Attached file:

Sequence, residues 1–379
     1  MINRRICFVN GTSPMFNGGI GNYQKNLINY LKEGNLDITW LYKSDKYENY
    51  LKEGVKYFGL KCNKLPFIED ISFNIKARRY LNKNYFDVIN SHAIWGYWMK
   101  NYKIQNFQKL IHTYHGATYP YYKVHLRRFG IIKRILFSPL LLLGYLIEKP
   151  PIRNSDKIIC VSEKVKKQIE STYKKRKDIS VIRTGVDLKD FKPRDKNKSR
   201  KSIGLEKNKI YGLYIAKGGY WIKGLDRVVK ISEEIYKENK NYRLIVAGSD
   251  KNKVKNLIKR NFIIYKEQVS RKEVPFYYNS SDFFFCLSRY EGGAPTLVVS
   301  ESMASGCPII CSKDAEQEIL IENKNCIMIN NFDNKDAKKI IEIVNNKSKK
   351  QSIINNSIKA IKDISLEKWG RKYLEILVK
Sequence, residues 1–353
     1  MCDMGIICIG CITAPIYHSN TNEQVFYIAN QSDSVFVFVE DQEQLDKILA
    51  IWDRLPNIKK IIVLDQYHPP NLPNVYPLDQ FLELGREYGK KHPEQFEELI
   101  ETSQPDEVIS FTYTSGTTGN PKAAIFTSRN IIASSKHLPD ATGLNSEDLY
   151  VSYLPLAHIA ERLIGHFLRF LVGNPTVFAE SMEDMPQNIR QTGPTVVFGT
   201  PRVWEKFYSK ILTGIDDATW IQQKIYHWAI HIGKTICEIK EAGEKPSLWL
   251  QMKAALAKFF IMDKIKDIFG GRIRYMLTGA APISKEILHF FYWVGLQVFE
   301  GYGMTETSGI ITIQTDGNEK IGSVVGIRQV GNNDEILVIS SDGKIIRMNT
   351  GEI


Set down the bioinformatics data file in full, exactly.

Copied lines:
Sequence, residues 1–379
     1  MINRRICFVN GTSPMFNGGI GNYQKNLINY LKEGNLDITW LYKSDKYENY
    51  LKEGVKYFGL KCNKLPFIED ISFNIKARRY LNKNYFDVIN SHAIWGYWMK
   101  NYKIQNFQKL IHTYHGATYP YYKVHLRRFG IIKRILFSPL LLLGYLIEKP
   151  PIRNSDKIIC VSEKVKKQIE STYKKRKDIS VIRTGVDLKD FKPRDKNKSR
   201  KSIGLEKNKI YGLYIAKGGY WIKGLDRVVK ISEEIYKENK NYRLIVAGSD
   251  KNKVKNLIKR NFIIYKEQVS RKEVPFYYNS SDFFFCLSRY EGGAPTLVVS
   301  ESMASGCPII CSKDAEQEIL IENKNCIMIN NFDNKDAKKI IEIVNNKSKK
   351  QSIINNSIKA IKDISLEKWG RKYLEILVK
Sequence, residues 1–353
     1  MCDMGIICIG CITAPIYHSN TNEQVFYIAN QSDSVFVFVE DQEQLDKILA
    51  IWDRLPNIKK IIVLDQYHPP NLPNVYPLDQ FLELGREYGK KHPEQFEELI
   101  ETSQPDEVIS FTYTSGTTGN PKAAIFTSRN IIASSKHLPD ATGLNSEDLY
   151  VSYLPLAHIA ERLIGHFLRF LVGNPTVFAE SMEDMPQNIR QTGPTVVFGT
   201  PRVWEKFYSK ILTGIDDATW IQQKIYHWAI HIGKTICEIK EAGEKPSLWL
   251  QMKAALAKFF IMDKIKDIFG GRIRYMLTGA APISKEILHF FYWVGLQVFE
   301  GYGMTETSGI ITIQTDGNEK IGSVVGIRQV GNNDEILVIS SDGKIIRMNT
   351  GEI